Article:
We have a number of important things to tell you about. Firstly, I’m writing partly to urge you to please continue to transcribe Davy’s Notebooks. We are supposed to get everything done and online by the beginning of next year, but there’s still so much to do. Transcription rates seem to be slowing down and we still have about 1000 pages to transcribe. Please do as much as you can to get us over the finish line on time and encourage others to help too!
Secondly, we have substantially revised and updated our online course on Humphry Davy and will run it again, with a start date of Monday 9th October 2023. You can enrol here:
We’ve developed the course to include some of the findings that we’ve made during the last few years on the Davy Notebooks Project. This course will tell you about Davy’s life and career and give you some context to any transcription that you’ve been doing on the project (it may also be of interest to students, family, friends, etc etc).
The course has weeks on: Davy’s life and his historical times; his chemical experiments and lectures in the …read more
Experience the magic of the archive and get up-close with the past with hands-on experiential courses at Wordsworth Grasmere.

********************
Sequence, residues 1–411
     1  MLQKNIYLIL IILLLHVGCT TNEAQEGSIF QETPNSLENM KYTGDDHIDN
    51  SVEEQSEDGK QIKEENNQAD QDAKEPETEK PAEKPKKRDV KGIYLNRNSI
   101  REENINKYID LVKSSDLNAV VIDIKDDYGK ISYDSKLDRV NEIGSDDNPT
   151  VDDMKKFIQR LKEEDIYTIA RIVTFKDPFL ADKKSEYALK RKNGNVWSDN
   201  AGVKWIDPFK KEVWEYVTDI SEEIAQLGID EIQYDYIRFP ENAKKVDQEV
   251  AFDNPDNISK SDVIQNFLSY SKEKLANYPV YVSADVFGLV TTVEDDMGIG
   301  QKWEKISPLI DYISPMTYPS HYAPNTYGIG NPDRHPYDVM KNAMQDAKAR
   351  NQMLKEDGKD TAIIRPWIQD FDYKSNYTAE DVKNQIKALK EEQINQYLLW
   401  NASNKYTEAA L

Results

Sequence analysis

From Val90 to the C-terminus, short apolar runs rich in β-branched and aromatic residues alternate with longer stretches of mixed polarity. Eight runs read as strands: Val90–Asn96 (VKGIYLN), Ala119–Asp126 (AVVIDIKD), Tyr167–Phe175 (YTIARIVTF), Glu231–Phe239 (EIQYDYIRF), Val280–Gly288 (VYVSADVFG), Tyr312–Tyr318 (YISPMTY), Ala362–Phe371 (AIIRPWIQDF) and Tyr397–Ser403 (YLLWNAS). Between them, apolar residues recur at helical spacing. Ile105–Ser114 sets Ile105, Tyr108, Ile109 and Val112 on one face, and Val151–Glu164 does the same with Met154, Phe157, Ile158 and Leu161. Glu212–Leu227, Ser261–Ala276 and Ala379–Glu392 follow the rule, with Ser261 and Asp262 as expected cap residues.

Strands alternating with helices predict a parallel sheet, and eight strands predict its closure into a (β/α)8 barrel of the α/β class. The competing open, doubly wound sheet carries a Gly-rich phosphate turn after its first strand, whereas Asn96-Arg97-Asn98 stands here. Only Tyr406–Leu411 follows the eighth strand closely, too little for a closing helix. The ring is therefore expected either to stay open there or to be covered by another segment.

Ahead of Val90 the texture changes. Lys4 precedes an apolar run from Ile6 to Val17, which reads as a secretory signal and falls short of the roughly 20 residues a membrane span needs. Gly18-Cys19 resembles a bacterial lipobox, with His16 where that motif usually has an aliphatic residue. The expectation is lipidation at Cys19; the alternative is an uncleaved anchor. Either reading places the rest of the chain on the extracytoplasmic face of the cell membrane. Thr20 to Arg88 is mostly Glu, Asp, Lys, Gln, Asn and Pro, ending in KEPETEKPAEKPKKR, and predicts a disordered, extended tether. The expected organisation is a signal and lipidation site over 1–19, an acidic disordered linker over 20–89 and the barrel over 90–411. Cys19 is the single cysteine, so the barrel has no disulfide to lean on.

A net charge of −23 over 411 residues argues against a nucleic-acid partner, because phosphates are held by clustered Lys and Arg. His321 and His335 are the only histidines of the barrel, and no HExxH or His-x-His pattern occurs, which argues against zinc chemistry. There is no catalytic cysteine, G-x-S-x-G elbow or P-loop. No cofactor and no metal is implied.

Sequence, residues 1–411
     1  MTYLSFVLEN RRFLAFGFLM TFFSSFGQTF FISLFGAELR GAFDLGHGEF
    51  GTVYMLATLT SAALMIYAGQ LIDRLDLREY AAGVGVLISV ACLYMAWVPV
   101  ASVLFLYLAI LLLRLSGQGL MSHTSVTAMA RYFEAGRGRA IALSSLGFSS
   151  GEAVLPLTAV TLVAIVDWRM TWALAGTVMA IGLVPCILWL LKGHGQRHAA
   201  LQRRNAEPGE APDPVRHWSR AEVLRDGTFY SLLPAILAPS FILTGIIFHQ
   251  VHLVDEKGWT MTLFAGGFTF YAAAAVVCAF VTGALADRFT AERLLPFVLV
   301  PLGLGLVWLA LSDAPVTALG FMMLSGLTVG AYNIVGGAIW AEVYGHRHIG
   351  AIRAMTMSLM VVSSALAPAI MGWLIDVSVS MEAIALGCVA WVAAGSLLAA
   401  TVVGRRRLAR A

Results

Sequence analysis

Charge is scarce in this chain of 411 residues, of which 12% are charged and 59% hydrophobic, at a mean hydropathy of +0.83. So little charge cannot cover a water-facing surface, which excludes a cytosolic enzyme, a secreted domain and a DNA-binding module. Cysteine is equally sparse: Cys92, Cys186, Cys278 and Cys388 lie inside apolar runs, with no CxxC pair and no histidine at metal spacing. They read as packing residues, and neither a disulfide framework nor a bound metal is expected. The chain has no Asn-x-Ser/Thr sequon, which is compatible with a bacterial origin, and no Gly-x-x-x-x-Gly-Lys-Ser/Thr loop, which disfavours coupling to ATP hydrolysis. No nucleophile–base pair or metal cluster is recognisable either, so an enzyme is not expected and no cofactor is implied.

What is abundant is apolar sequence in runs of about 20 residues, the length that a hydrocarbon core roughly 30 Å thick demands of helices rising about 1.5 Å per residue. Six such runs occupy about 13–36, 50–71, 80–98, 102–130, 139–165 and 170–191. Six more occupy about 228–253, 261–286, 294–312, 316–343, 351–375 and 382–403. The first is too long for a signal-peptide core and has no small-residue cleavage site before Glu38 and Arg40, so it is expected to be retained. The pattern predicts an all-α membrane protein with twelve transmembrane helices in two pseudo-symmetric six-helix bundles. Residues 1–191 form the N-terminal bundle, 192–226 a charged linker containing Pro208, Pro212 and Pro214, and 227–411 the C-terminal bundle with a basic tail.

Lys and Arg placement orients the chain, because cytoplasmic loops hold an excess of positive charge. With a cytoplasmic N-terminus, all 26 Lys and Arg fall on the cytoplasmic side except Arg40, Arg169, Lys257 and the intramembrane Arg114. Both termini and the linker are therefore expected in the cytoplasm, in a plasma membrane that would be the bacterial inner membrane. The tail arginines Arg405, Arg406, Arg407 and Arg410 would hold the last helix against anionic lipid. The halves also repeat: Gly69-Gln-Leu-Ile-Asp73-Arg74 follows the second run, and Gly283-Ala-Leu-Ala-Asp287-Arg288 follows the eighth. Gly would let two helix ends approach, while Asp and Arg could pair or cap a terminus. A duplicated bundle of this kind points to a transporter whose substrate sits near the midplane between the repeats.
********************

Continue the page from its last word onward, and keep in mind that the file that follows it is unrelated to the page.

‘…the highlight was most definitely the manuscript session: holding an original manuscript from hundreds of years ago in your hands and getting to read the same lines you studied is just an incredible feeling.’ – Student
‘I have a whole new appreciation for Wordsworth, poetry in general, and a whole new mindset that I would have never gained if it wasn’t for the people I met here and the experiences that I’ve had.’ – Student
These tailored experiential courses, which can be delivered in-person or online, will give your students the insights to interpret the past in new and imaginative ways. Skills in close looking, enquiry, discussion and problem solving will be invaluable both during and beyond their time at university. The writing and lives of the Wordsworths in Dove Cottage 200 years ago will come to life through detailed investigation of manuscripts, creative workshops – and simply spending reflective time in this very special place.